I hunkered down under the flannel sheets that sparked electricity when I rubbed my legs together. The wind howled against the plastic storm windows and I prayed for a blizzard.
They called it the blizzard of 1978. It started snowing one winter night and dumped 52 inches on the ground before it stopped.
My clock radio interrupted my dreams as the announcer called out over the airwaves the name of my school next to the word “CLOSED”– for 5 days in a row!
I squealed excitedly each morning, then flipped the covers over my head like a bear in hibernation, until I got hungry. After a large bowl of Cheerios, I donned my snow gear to head out for another day of adventure with the neighborhood crowd. We’d play king of the mountain on the snow hills the plows formed at the street corners, then wage war against those pesky boys who threw hard and cheated with ice balls. I owned a pair of skates and the city flooded the basketball court at the park. When my fingers and toes got stiff and frozen, I’d trudge home, change back into my nightgown and stand on the floor heat register where the hot air blew up my gown making me look pregnant and I giggled at the thought.
That was the best winter ever!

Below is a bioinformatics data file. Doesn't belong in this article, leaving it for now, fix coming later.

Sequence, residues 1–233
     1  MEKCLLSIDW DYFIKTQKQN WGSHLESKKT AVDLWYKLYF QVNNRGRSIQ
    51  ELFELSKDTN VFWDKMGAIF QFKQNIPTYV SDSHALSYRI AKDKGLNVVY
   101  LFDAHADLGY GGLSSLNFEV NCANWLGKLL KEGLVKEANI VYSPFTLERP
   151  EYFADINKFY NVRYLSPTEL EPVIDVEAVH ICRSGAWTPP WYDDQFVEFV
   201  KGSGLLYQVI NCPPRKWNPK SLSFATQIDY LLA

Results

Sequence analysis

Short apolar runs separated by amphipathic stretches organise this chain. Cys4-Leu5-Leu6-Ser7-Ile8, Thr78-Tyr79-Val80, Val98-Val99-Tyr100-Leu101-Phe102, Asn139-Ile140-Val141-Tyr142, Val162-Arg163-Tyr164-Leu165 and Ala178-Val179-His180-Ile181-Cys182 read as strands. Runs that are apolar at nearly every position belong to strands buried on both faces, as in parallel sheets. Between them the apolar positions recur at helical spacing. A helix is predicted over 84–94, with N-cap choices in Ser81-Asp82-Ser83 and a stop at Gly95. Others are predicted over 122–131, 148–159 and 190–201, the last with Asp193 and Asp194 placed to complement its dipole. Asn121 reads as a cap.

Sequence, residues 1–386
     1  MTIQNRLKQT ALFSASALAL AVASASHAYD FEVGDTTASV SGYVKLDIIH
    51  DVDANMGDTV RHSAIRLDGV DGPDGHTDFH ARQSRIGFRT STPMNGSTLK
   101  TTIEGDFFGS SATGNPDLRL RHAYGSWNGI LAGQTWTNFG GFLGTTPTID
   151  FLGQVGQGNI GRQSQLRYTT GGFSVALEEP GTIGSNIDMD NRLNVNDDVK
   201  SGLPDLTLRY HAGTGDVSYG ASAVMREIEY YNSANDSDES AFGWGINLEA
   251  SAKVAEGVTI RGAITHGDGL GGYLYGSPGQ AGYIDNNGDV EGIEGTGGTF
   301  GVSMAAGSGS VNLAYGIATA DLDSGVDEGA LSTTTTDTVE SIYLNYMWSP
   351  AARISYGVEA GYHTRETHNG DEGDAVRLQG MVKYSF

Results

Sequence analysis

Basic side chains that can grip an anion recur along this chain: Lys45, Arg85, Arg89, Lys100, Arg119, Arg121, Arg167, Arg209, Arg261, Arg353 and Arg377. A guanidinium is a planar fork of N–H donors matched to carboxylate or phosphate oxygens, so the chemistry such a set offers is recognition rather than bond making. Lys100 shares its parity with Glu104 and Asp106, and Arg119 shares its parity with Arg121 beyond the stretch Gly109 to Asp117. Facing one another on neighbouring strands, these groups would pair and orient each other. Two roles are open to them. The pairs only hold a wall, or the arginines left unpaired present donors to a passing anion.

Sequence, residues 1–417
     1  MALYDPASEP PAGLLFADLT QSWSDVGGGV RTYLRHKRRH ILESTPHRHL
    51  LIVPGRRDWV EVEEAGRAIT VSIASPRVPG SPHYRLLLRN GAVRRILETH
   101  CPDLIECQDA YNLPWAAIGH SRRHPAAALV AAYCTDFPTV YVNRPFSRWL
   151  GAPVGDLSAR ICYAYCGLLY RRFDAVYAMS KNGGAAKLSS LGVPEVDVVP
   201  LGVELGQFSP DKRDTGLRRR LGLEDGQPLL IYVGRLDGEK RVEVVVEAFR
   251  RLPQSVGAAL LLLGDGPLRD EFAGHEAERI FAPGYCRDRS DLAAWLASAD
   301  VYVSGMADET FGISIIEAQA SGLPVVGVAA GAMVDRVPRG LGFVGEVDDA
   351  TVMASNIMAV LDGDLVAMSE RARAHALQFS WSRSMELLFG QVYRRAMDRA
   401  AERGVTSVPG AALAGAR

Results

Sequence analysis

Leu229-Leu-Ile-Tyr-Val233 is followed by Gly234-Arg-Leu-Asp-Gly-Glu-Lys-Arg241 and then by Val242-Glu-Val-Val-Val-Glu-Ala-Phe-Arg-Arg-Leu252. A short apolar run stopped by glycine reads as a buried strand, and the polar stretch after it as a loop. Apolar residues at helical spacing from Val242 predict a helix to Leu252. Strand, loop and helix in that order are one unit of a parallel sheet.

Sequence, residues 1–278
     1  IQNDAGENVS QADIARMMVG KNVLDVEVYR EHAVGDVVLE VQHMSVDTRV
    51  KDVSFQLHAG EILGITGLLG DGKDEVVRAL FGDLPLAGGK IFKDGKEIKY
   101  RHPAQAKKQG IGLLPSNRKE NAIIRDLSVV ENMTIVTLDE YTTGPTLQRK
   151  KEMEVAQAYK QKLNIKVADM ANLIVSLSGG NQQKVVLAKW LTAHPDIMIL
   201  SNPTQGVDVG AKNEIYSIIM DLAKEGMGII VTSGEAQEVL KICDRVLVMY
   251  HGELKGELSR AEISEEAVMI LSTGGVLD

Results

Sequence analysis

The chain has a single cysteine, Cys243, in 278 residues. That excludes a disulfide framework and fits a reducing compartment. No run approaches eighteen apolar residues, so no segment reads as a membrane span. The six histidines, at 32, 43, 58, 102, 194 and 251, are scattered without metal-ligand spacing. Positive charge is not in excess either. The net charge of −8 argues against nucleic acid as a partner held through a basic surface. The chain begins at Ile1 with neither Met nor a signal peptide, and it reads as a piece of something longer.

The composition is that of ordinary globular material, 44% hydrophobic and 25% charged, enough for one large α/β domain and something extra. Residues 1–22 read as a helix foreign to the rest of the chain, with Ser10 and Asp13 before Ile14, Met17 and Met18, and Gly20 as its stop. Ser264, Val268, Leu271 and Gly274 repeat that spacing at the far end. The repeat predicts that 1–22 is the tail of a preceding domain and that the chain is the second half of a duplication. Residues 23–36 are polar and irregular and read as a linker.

Then I grew up and my name became “Mama” and I spent my blustery winter days shoveling the driveway while my biggest little girls in snowsuits frolicked delightedly making snow angels and catching flakes on their tongues.
Until we moved South. Then we’d pull out Keat’s story about Peter’s Snowy Day with the sun pouring in through our open windows in February and use our imaginations to feel the snow stinging our cheeks and sticking to our hair. The big girls retrieved memories but my littlest “littles” had none to imagine from.
“Stick out your tongue,” I’d suggest.
“Look for it.”
“You see it?”
“Catch it on your tongue.”
“Mmmm….Tasty.” I modeled, my tongue extended while rubbing my tummy.
Fast forward thirteen years and a few tiny snowmen later and here we are back in winter “heaven”. Our southern born baby now schedules her play dates with her best buds that live exactly 6 minutes and 3 traffic lights away from our front door. As the snow’s gigantic flakes dance in the biting wind, they suit up and head out into the elements. First they decorate the yard with perfect snow angels then they construct forts and build snowmen. They sled down the little hill out back on the plastic saucer I bought at a yard sale last summer and sometimes even shovel the driveway. Hours pass and I call them in as the gray sky turns black. Their cheeks are pink. The dryer rattles with buckles from soaking wet, cold outerwear and they settle at the kitchen table in their fuzzy socks for a steamy mug of hot chocolate topped off with a generous dollop of Reddi-whip.
And like Peter, we just keep writing our own perfect Snowy Day stories.
I wonder, what are yours?